All of our game is sourced from a wide range of estates, shoots and individuals across North Yorkshire, the Yorkshire Dales and the Scottish Highlands. All of our suppliers comply with The Code of Good Shooting Practice. As with any wild food source it is vital that it be managed in a sustainable manner to ensure a viable healthy population for the future.
We can process all species as you wish and, unless otherwise stated, all birds are delivered oven-ready
Red Grouse are indigenous to the British Isles and are found no where else in the world. Grouse cannot be artificially reared due to its unique dependence on heather moorland. The start of the grouse shooting season is probably the best known date in the shooting calendar – ‘The Glorious 12th August’ – on which date there is the customary race to get new season birds on to the tables at top London restaurants (at top prices!).
The pheasant is the most numerous of British game birds with around 20 million being shot each year. Pheasant are present in almost every part of the UK. Pheasants, are protected by a close season when it is illegal to shoot them. This period coincides with breeding and rearing their young. The season starts on October 1st but the size and quality can be reduced during that month.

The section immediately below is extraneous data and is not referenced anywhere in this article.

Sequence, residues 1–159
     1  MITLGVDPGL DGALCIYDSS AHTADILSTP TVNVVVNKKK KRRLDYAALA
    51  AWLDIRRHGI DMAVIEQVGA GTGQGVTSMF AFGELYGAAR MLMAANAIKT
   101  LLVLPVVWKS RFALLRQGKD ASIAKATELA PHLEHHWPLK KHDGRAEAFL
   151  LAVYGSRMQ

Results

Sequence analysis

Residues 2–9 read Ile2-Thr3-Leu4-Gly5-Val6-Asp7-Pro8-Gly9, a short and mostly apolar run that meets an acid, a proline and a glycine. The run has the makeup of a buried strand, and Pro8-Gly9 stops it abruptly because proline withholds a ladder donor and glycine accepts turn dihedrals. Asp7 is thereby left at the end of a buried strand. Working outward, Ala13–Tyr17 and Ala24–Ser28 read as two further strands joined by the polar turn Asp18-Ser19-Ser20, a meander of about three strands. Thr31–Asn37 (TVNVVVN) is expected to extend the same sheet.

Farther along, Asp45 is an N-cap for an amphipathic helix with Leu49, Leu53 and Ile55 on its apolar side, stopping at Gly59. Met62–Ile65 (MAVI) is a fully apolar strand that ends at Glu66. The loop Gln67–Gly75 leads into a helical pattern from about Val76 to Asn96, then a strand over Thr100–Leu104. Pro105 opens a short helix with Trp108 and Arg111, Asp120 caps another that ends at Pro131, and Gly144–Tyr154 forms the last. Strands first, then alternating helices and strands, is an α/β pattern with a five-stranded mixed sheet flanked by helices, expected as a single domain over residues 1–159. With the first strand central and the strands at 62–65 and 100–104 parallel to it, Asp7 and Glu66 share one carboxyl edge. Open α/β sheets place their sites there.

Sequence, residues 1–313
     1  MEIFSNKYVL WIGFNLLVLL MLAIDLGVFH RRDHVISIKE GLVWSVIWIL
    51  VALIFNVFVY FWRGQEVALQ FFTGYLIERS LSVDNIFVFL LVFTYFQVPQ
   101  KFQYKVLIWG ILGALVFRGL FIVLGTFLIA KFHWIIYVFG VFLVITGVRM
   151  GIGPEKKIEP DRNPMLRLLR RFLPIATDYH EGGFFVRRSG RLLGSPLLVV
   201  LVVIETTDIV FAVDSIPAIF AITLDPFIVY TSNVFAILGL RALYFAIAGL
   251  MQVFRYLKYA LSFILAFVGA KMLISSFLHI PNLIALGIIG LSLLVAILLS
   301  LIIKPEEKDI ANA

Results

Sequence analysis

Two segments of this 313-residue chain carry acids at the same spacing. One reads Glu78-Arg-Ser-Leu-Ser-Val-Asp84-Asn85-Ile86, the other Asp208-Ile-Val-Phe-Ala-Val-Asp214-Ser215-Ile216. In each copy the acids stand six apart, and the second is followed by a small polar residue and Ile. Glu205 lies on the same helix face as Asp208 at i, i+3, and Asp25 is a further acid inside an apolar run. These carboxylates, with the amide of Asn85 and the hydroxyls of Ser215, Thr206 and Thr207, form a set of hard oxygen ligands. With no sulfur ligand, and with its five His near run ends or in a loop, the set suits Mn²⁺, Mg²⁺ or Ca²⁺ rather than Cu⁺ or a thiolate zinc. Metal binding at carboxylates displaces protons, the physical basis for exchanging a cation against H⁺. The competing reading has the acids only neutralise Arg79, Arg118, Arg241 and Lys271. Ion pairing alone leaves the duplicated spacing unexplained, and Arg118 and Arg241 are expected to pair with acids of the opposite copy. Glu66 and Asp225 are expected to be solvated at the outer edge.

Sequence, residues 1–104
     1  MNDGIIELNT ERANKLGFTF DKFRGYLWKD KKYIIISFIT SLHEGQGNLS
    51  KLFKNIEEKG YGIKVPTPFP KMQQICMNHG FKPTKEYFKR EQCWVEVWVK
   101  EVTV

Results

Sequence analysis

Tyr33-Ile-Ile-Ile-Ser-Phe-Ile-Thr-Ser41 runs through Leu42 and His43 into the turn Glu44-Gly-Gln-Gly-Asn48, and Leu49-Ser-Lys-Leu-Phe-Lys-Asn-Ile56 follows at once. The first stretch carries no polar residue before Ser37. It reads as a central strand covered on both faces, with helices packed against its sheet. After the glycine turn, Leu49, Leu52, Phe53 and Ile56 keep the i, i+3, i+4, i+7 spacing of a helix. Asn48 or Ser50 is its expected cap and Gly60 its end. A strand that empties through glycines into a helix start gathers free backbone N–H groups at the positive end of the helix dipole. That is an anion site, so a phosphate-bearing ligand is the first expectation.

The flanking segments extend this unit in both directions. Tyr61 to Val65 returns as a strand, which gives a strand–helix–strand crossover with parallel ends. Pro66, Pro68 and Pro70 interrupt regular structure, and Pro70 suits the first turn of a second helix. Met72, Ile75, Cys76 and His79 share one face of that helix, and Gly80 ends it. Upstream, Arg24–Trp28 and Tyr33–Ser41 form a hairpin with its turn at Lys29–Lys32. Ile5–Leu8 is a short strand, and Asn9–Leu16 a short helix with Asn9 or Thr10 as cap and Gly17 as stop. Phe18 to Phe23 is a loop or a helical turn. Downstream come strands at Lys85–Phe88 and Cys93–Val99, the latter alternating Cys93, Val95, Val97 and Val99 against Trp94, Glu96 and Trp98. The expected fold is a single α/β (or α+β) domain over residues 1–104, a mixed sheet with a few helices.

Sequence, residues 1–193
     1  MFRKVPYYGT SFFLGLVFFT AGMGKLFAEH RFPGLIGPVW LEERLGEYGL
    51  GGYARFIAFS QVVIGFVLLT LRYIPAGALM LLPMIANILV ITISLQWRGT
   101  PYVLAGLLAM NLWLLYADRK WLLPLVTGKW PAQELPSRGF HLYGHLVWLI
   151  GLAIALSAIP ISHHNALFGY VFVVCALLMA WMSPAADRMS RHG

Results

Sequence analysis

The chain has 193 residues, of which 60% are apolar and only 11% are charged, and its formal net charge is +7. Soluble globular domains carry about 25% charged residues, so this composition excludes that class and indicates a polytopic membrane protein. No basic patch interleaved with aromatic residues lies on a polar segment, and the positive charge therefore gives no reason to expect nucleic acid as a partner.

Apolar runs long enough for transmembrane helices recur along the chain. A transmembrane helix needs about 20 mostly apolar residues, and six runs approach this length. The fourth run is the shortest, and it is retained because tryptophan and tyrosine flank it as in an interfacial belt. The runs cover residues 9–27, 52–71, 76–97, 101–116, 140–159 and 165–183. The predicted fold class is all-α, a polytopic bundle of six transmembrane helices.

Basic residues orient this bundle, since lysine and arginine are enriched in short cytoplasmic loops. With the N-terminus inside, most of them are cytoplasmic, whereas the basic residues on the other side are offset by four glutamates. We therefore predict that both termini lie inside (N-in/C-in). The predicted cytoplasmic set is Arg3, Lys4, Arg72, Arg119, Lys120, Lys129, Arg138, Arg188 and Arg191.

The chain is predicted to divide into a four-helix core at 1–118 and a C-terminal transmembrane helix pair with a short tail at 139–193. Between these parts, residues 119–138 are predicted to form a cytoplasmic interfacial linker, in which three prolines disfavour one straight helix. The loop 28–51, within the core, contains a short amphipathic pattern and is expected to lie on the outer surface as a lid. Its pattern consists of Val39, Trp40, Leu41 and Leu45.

Woodpigeon have prospered with the intensification of farming. Many are shot to protect crops and this provides us with a valuable and tasty source of food. The woodpigeons eat a variety of seeds, green leaves and shoots giving them a rich, gamey flavour.
There are two species of partridge shot in the UK, the Red leg (French) & the Grey leg (English). Available fresh right until the end of the season, however numbers may be limited from December onwards. English partridge are much less abundant and so maintain a higher price than the Red legs.
Originally introduced to the UK by the Romans as a valuable food and fur source, rabbits were kept fenced into warrens where they could be protected and managed. Since the 1960’s the surviving population have built up to pest proportions in some areas of the UK. Traditionally they are trapped or shot during late summer to early spring when they are at their best from an eating perspective.
The ultimate free-range food, wild deer have wide ranging diets and have to be healthy and lean in order to survive. The resulting meat has a wonderful, distinctive flavour and is extremely low in fat and cholesterol. We are able to bring you a number of species, most notably Red deer from the West Highlands of Scotland, Fallow deer from parkland herds in Yorkshire and Red deer from the borders of England and Scotland.